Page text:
SpellCraft: Aspects of Valor
for PC

Wandrell:Popular Vote:
Company: Asciiware
Year: 1992
Genre: RPG
Theme: Sword & Sorcery
Language: English
Licence: Commercial
Views: 9109
Review by Wandrell (2012-11-25)

Get your spellbook ready, you are going to learn some serious magic. Soon you will be able to mix reagents, chant magical words and create spells to help yourself on the battlefield so, as per usual, you can save the world. Just that this time magic, and not just your sword, will be your main weapon.

A work by Ybarra, some of you may find that Basque surname familiar. No surprise, it's the name of a well known mayonnaise brand. But also you may know it from being a big videogame designer, having worked on games such as M.U.L.E., The Bard's Tale or, the one that tome is his best, Alien Legacy.

All of them are, in a way or another, attempt to mix ideas and genres trying to create something unique. Using Alien Legacy as an example, you get a strategy game where exploration and plot are just as important as developing your cities.

Just that this time the chosen mix was the easiest: RPG and action, along a bit of strategy that never gets along with the rest of the game. It's not like this can't give good results, after all RPGs come from strategy games, just that here things never hit the right spot.

For starters the magic, which is the main point of the game, is a nuisance. To create spells you create a combination of four set reagents and one of several focus. Think about all that could go wrong here, and chances are all those problems are on the game.

The first of all, the question everybody asks himself just by playing through the tutorial. How the hell am I supposed to develop new spells? Not only the possible combinations are too many, but if you don't make one of the right recipes the game punishes you in the cheapest possible way, by killing you.

And no, the tips you are given don't even help. Even in the tutorial you reach a point where you are told to create a new spell, like that, create a new spell. How? Well, you should know, but the clue is that the recipe can be easily found on the manual.

I think the mentor meant it can be easily found on a guide. Otherwise, how could I find out the correct amounts were hidden as the book, chapter and verse numbers of a citation somewhere around the nearly 80 pages manual? Doesn't look as simple to me, maybe it's that I'm not bright and patient enough for being a mage.

And no, having to include a cheat sheet with your game doesn't mean the system works as intended, because with the game came a table showing the recipes for most of the spells nearly completed, each having just a few gaps for you to fill. That tells a lot of what they thought of their game.

That's the backbone of the game, but not all it offers. It's just that the rest is not better. Fighting is a mess, and you can easily get stuck on the enemy and unable to draw the sword, so the monster beats you to a pulp. Traveling to the elemental planes is boring, because it’s always the same. And the characters are little more than shops.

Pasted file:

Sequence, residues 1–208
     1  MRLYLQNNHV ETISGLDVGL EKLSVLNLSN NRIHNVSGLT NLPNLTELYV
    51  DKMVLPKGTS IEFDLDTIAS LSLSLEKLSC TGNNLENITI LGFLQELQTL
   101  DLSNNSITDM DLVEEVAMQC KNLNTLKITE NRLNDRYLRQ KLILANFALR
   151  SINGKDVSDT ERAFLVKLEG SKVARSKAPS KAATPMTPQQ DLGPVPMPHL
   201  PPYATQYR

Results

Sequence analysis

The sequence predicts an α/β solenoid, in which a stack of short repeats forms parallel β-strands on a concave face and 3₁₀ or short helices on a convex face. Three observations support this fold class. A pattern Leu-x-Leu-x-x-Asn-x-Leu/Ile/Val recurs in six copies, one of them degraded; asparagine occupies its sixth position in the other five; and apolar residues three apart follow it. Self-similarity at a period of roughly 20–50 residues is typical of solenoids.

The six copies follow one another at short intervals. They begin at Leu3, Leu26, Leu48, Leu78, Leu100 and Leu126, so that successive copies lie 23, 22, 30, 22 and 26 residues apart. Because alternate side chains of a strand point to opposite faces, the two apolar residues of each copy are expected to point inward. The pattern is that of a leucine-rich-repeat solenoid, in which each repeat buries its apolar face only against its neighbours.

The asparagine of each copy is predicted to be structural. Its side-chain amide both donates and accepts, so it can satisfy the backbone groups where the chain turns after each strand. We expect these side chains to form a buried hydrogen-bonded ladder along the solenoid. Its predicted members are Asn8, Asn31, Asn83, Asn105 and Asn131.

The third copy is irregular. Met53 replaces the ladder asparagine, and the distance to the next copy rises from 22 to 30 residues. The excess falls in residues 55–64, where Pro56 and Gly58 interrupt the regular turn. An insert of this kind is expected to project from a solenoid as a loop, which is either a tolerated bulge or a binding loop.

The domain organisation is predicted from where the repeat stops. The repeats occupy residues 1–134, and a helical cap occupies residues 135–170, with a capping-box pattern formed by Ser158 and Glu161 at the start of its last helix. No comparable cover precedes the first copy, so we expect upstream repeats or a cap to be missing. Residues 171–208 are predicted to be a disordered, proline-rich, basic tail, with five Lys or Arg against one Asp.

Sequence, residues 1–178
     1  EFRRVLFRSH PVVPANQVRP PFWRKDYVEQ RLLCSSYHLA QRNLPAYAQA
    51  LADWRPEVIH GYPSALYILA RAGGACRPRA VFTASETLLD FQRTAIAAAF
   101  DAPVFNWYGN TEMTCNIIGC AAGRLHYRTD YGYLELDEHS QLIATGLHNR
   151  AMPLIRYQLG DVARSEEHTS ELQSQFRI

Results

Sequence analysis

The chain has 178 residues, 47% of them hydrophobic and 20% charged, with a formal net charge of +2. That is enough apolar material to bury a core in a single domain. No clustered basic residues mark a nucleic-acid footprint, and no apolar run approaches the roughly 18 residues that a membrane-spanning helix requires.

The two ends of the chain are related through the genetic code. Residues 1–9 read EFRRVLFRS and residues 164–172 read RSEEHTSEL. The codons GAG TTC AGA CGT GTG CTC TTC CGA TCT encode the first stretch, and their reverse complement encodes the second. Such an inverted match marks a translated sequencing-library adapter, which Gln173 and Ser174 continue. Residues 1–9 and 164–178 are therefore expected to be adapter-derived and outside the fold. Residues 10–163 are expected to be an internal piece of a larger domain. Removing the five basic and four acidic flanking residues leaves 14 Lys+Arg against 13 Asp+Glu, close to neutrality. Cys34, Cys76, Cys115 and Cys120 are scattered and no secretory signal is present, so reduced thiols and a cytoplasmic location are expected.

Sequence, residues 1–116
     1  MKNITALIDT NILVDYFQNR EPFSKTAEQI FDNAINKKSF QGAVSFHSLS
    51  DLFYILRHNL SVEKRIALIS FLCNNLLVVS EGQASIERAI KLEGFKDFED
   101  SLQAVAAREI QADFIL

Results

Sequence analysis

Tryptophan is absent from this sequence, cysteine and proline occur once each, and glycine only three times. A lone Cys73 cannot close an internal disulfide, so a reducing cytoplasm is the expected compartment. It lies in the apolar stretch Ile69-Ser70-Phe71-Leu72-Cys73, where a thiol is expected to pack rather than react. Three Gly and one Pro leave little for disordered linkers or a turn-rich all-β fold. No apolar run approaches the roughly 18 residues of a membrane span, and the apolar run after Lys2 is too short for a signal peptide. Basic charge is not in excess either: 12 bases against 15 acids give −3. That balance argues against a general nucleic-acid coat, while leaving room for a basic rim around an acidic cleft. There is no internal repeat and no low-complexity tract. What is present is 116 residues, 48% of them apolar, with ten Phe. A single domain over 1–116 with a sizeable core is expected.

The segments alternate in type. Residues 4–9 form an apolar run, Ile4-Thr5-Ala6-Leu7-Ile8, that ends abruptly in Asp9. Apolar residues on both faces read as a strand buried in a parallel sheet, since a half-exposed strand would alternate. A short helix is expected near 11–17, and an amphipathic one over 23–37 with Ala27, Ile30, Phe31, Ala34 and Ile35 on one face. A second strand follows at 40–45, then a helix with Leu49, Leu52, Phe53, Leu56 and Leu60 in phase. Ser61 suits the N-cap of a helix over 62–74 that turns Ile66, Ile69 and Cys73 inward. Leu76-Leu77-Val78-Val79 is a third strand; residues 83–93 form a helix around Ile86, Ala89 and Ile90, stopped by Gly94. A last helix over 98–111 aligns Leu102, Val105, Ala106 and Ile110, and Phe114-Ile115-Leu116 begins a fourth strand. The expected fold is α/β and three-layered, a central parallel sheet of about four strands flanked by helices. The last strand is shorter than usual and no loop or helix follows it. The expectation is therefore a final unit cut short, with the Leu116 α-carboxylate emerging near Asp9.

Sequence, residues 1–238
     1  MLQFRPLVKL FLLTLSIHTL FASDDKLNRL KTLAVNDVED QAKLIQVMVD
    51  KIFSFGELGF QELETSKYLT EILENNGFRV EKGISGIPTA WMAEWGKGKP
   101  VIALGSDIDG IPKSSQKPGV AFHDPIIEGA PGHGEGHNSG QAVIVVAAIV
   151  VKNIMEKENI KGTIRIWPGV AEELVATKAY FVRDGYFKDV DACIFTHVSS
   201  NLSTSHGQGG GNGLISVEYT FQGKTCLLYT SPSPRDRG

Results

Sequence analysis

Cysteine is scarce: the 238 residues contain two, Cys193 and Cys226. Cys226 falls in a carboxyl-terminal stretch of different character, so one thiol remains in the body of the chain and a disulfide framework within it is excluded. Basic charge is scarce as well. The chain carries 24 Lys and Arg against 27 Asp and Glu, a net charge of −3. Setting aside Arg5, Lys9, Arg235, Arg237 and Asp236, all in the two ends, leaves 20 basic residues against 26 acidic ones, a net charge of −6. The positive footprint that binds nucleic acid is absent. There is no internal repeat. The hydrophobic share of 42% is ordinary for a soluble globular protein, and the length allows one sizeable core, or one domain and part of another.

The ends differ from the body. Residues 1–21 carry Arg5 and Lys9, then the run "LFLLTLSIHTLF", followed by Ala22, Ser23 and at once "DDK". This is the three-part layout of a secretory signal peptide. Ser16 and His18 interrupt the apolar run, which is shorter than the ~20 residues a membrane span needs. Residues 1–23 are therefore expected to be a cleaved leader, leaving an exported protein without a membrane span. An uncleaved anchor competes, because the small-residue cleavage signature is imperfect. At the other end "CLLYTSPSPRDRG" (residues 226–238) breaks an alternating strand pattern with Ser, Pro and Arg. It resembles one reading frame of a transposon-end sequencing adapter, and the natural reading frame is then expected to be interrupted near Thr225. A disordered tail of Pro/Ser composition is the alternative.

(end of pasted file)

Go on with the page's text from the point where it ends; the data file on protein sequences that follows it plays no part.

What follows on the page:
So this ends being a forgettable experience. The idea of mixing and creating spells is not bad per se, but the way it's all done doesn't work in any way.

Comments (4) [Post comment]


I played this game through in its entirety back in the day - guessing that's a quarter century ago at this point. I do remember experimentation being part of the mix, but there were limits to it: you were largely trying to discover the recipe for existing spells. The manual is key, where they typically list some (but not all) of the ingredients. Sometimes you'd get clues to the missing ingredients from the recipe list through gameplay - typically by traveling the world and talking with other magic users.

Once you'd discovered the "base" recipe for a spell, you could alter it within limits. For example: a version of the dragon summoning spell that made your dragon have more HP, or more attack, or to make your levitation spell last longer. There were four primary ingredients most spells used that you could alter to make that happen...I remember "candles" being one of them (and it affected attack), but can't remember the others.

I actually finished this game, which says a lot about it - even other games I loved like the last two entries in "The Bard's Tale" trilogy didn't get finished. This game would be great for a remake, to be honest, with a more expanded magical experimentation system and maybe a 3D world.

Mr Creosote:
This game could have been great if it had actually been about experimenting with spell ingredients to create new and possibly unexpected effects, in the same vein as the tiny genre of species mutation/evolution tried with life forms. When it turned out to be a stupid exercise in repetive ingredient collection tasks and tedious cooking lessons which explicitly forbid any experimentation, I was thouroughly disappointed.
Herr M.:

For a moment I was almost tempted to give this a try, because I like complex magic systems and this one sounds as complex as it will get... alltough it also does sound like a very weak excuse of a copy protection.

BUT what ultimately stopped me from starting it up was one screenshot... the druid. Come on! Whoever came up with that hippie-treehugging nonsense! :P By bristle and bramble! Druids are merciless manifestations of raw and untamed mother nature! :D